The role of the audit committee in Thailand: a mature monitoring mechanism or an evolving process?
Following the East Asia financial crisis of 1997 in common with other countries, Thailand mimicked a series of governance measures, including the mandatory formation of audit committees (AC), that were designed in western developed nations with diffuse share ownership, although evidence about the success of these measures in developed nations is mixed. This research contributes to understanding of the role of ACs in a non-English speaking developing country, where share ownership is concentrated, rather than diffuse. It examines the perceptions of audit committee members, investors and analysts about the roles ACs perform and the importance of these roles. To obtain a large number of responses we have used a questionnaire survey method. We adopt Spira’s (Corporate Governance: an International Review 6(1):29–38, 1998) model of evolutionary development of ACs in which they are characterised as developing along a continuum from an ‘infant’ to a ‘mature’ stage of development, although such development need not be linear. The majority of our participants report that ACs perform roles that are in line with international guidelines, but this appears to reflect a passive role in terms of complying with, rather than developing guidance and regulation. Our evidence reveals that the ACs placed greater emphasis on internal control systems, including internal audit and review of audit fees, than on roles associated with external audit and financial statements, indicative of an early stage in the process of evolutionary development.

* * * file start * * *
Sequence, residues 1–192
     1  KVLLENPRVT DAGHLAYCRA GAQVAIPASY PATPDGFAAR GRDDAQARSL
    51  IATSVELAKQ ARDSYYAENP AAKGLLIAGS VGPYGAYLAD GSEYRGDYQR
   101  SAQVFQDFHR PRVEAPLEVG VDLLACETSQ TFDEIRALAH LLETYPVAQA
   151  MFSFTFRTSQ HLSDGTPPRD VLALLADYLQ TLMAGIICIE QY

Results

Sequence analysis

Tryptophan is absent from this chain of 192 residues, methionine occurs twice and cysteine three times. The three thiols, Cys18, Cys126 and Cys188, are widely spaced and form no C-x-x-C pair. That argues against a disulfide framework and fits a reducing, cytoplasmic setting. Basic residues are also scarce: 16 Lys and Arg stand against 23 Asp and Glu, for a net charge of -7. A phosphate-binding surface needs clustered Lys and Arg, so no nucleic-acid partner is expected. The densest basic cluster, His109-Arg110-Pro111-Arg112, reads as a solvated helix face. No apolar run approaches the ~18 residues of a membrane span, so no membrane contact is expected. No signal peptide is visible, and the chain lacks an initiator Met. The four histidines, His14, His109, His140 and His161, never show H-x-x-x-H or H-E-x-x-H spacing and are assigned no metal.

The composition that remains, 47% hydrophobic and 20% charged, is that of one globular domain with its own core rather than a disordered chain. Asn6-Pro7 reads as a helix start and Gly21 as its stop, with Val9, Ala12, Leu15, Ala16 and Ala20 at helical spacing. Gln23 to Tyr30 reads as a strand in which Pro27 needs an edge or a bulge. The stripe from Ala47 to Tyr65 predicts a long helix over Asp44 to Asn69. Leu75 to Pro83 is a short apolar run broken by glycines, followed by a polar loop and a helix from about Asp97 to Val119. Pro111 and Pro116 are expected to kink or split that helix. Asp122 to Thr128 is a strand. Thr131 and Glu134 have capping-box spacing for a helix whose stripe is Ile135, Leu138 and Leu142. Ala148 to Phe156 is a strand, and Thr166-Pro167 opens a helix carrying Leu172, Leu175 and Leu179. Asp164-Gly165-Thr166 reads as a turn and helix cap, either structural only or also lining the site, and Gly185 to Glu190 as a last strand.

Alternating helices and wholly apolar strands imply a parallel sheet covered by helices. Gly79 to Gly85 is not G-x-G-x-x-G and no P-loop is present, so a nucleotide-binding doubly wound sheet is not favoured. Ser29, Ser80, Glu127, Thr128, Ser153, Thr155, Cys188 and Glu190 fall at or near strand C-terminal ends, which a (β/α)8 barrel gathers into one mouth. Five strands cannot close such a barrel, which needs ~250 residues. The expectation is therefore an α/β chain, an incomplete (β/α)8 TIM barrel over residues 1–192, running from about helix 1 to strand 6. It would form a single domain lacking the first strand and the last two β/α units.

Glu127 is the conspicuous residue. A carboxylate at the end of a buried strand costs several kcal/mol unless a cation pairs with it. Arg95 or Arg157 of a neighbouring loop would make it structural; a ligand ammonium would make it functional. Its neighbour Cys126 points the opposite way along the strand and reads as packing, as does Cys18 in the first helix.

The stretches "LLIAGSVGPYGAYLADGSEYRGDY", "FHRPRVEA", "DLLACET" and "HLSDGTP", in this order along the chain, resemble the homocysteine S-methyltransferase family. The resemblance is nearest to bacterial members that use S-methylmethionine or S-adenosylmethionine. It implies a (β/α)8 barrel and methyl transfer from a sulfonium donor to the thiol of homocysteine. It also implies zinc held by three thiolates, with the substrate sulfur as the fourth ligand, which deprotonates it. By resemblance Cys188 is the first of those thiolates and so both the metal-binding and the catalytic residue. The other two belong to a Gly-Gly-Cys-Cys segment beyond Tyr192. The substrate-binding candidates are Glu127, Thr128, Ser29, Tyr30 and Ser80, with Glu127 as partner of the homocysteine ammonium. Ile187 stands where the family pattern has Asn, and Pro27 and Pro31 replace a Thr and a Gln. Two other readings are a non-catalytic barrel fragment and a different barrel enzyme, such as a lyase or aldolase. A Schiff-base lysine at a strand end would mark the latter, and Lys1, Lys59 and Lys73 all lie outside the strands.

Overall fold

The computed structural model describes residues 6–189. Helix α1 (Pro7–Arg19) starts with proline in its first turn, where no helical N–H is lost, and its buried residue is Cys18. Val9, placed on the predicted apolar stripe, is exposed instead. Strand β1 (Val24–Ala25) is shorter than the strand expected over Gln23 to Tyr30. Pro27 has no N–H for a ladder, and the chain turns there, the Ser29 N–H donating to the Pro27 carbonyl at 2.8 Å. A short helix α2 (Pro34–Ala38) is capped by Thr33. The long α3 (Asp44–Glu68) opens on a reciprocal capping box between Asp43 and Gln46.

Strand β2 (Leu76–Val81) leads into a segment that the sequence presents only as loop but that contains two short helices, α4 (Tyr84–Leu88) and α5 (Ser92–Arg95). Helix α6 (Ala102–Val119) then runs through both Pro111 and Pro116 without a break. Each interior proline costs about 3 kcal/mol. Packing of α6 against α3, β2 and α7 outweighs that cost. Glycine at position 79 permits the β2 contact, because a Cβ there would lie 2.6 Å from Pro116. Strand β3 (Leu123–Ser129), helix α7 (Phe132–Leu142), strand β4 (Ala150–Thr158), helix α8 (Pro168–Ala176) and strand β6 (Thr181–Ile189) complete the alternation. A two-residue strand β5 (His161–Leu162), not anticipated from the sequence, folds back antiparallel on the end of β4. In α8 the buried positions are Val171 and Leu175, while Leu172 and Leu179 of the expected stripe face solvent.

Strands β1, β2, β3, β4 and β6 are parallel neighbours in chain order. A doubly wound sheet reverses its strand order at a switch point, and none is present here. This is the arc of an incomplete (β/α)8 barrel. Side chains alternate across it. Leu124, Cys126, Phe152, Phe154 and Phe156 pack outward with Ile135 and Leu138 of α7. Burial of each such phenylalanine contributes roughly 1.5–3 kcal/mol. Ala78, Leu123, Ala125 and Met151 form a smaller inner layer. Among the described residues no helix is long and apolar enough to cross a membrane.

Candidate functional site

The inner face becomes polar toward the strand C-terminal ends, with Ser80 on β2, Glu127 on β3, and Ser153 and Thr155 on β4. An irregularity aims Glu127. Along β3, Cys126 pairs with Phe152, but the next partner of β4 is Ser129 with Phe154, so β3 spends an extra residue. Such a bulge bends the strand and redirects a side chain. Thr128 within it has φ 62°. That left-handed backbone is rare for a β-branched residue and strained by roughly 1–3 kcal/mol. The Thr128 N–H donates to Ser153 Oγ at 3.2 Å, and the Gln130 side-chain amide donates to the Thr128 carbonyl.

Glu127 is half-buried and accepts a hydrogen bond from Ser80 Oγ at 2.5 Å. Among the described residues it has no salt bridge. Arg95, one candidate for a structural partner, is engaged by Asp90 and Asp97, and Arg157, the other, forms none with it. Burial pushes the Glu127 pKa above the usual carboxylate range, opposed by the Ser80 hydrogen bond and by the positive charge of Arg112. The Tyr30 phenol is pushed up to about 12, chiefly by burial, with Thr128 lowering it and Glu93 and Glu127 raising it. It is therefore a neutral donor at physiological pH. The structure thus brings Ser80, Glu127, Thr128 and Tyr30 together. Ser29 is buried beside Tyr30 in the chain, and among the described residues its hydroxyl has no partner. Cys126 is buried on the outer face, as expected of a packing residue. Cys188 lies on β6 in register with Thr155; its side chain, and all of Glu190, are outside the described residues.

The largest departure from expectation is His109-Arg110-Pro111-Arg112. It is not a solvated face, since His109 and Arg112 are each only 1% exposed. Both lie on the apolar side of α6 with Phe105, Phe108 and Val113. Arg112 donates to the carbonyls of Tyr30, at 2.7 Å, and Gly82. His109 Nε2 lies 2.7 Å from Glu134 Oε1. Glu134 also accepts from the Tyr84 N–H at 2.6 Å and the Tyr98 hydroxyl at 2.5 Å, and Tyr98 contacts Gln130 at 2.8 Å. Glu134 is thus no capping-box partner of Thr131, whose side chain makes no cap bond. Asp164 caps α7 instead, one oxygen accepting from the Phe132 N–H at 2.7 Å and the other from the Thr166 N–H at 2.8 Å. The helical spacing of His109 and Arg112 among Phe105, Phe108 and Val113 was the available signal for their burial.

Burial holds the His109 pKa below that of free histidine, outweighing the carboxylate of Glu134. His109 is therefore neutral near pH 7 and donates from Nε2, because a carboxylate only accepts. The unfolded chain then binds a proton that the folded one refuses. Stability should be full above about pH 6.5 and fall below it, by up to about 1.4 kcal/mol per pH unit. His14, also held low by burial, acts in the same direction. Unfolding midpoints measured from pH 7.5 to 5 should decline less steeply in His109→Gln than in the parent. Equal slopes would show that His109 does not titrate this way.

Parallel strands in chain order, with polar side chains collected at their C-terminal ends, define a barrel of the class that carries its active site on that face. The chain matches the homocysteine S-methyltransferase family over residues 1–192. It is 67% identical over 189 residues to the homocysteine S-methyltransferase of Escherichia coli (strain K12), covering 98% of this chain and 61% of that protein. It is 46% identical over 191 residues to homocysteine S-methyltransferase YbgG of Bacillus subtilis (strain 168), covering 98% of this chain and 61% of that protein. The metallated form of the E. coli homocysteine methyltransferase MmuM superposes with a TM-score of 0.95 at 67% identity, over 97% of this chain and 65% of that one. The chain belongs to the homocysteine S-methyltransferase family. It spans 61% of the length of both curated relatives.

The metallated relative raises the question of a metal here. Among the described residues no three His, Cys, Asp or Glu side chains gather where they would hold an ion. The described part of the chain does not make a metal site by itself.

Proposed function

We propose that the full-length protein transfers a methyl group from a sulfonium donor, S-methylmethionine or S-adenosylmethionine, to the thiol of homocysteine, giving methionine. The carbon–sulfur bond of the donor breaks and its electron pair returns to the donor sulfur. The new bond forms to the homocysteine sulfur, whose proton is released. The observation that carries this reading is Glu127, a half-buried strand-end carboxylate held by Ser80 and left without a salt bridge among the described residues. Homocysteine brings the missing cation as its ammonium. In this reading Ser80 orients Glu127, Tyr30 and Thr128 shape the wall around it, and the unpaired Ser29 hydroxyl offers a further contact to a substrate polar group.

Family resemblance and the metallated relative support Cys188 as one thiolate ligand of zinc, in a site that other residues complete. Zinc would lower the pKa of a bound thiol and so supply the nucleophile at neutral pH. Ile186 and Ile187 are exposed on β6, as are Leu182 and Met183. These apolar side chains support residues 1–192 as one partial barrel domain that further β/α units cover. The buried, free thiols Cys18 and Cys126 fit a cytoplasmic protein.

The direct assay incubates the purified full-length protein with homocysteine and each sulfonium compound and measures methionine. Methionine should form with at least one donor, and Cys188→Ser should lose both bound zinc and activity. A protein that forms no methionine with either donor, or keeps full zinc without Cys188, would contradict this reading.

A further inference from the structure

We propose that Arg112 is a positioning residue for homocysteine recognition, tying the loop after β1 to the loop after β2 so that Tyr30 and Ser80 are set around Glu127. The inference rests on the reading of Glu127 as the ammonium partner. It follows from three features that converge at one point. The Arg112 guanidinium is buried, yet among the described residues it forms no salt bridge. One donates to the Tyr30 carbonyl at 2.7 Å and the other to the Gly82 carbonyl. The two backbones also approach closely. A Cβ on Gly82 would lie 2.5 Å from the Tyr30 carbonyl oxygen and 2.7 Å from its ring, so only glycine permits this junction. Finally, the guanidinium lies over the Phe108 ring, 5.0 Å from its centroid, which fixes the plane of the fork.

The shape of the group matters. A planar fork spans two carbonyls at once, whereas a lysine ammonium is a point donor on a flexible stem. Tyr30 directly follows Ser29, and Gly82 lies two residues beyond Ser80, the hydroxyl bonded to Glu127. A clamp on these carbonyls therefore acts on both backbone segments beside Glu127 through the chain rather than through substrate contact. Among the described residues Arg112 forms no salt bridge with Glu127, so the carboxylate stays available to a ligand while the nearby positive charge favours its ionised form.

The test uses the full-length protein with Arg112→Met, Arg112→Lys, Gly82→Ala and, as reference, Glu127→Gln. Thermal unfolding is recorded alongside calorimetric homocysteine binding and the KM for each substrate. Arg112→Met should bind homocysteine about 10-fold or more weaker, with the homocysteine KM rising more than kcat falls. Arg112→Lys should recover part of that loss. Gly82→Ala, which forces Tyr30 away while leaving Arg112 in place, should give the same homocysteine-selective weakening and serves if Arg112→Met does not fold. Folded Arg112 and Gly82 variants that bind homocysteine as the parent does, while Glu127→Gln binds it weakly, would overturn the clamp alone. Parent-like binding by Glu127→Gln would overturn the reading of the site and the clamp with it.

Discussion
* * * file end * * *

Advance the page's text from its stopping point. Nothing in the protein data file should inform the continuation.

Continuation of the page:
KeywordsAudit committees Evolutionary development Developing country Dominant shareholders Thailand
The authors acknowledge with thanks the funding provided for this research by the Faculty of Business Administration, Kasetsart University, Thailand, and wish to express their thanks to the Stock Exchange of Thailand for its assistance. We are very grateful to all participants who responded to the questionnaires and extend our thanks to Prof. Marc Goergen, who advised on earlier drafts of this work.
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